... the Lib Dems aren't doing enough in this regard ...
    The lib dems aren't the labour-lite some people seem to think they are. They're a very liberal party, in the most classic sense of the word. They genuinely believe in austerity. Cable is on the fringe of his party in promoting stimulus; there's a reason he was only made business secretary when the lib dems were given treasury secretary in the cabinet. The Orange Book Liberals, those who believe strongly in laissez faire attitudes to markets as the solution to all things, absolutely dominate lib dem policy at the moment.

  8. #1368
    The Pube Whisperer Maximillian's Avatar
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    We having nothing to fear but fear itself?

    I have been watching with some interest various groups trying to track where the stimulus money has gone to and why it hasn't had the desired effect. The idea behind stimulus is that in a downturn you have idle economic capacity - both capital and labour - and the aim of stimulus is to get money moving again when businesses and consumers won't spend.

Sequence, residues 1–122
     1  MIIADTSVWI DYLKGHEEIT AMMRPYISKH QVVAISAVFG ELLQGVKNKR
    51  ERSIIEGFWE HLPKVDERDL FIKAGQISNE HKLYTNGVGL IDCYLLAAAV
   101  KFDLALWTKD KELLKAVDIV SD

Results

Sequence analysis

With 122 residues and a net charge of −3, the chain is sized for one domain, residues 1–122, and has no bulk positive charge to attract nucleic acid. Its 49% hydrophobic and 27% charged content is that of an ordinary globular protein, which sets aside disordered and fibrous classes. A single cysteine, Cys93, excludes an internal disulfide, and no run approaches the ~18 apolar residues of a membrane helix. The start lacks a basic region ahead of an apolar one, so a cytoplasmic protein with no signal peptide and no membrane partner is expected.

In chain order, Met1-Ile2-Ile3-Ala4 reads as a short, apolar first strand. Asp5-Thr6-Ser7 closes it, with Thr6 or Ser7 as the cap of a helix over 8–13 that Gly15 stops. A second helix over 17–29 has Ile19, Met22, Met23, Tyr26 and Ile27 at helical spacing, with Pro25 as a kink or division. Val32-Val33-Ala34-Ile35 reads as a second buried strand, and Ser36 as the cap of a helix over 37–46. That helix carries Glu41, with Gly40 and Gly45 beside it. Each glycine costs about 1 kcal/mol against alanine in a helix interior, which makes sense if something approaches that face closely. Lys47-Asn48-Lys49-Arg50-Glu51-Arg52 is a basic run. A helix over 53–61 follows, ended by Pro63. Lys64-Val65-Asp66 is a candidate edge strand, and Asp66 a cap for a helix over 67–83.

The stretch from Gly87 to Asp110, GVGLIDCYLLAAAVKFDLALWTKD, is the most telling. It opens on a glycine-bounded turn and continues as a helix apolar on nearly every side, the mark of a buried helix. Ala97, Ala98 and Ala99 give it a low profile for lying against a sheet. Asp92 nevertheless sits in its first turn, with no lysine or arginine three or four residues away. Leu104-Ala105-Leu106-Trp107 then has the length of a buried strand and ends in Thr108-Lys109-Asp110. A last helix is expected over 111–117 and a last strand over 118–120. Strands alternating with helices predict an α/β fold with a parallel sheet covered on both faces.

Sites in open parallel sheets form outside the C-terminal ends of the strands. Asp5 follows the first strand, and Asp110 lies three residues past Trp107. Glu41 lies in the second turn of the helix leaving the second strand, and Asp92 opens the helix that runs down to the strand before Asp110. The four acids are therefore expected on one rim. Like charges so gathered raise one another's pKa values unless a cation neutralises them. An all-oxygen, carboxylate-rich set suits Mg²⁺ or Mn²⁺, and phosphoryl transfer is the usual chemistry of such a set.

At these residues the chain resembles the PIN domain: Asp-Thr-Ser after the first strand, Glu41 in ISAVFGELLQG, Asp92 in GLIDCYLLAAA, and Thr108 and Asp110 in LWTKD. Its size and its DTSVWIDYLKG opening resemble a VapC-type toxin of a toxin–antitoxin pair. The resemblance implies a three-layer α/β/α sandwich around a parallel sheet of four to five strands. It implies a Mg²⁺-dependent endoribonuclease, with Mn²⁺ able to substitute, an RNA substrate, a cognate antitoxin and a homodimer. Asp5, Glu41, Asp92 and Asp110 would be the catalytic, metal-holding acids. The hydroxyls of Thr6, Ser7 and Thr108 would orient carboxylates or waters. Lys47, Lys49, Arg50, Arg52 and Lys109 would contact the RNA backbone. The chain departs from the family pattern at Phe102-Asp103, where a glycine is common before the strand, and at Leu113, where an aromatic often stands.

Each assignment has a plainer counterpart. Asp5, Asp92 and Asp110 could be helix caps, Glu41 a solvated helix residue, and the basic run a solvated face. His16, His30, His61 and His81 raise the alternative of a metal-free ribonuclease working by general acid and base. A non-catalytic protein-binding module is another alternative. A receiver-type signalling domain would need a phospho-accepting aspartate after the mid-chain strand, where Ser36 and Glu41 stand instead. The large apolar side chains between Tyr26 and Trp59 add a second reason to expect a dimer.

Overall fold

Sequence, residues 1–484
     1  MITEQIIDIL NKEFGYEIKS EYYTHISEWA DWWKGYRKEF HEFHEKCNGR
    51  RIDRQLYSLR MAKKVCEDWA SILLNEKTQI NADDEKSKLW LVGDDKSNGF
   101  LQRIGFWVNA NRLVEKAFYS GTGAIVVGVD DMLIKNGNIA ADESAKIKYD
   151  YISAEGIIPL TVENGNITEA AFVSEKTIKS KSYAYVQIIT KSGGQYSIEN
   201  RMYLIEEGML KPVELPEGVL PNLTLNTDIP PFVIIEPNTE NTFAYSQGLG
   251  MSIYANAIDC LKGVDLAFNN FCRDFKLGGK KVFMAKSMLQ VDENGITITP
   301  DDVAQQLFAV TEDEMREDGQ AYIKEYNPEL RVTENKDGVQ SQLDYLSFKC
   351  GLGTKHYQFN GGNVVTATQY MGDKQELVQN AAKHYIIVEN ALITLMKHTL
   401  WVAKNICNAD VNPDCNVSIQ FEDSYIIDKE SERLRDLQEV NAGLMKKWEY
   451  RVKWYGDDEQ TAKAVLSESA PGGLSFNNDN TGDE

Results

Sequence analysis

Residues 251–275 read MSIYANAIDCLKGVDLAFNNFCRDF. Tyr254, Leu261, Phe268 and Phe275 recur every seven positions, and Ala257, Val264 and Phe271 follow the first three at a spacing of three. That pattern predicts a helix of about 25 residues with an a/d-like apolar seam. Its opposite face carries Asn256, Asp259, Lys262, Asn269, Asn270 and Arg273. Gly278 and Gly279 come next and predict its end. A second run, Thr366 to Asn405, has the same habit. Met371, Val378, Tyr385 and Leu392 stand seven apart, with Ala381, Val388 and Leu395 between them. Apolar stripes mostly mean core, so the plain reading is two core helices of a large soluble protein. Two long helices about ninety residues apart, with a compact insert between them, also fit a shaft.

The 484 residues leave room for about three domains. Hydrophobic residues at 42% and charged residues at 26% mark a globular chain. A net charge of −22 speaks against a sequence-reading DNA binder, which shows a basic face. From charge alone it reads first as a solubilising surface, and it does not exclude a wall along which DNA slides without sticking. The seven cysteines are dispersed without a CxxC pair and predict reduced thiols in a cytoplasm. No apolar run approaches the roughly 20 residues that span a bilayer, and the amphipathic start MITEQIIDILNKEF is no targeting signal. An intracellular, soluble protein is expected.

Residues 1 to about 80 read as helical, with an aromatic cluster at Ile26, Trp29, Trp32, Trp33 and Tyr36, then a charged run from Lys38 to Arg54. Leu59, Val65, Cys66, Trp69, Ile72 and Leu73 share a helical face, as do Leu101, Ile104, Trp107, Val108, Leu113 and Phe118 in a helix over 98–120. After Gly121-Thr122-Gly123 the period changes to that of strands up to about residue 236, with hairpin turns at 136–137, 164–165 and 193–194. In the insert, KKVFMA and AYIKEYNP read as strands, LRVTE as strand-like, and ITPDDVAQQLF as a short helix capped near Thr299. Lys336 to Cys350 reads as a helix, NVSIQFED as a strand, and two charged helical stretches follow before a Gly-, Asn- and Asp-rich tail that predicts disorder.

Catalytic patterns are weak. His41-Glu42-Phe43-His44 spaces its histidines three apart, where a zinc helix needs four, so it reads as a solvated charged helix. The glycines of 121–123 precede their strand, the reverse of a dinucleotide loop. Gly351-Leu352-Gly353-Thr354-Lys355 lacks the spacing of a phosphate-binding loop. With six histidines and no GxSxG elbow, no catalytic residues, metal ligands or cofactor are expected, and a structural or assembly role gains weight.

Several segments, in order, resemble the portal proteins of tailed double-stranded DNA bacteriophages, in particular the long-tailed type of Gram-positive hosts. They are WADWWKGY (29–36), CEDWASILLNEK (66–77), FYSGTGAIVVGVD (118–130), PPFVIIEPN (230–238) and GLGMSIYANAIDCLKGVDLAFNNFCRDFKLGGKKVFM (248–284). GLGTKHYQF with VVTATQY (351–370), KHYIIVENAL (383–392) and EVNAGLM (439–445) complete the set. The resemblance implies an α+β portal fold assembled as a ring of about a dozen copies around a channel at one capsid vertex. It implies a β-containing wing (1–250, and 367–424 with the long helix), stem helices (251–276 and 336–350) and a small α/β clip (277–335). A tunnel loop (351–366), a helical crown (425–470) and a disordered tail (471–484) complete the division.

But what happens if you hand out stimulus and a fair portion of it goes into debt reduction rather than spending? That is what happened to some of the stimulus passed out in 2008-2010, it went into paying down debt or even boosting savings. Some of it wound up in China where it was also saved. Then the banks in their turn were more interested in reducing their own debt problems than lending that money out again.

    So you have this catch 22 - Governments around the world are handing out cash and that cash is not being spent and therefore is not stimulating the economy.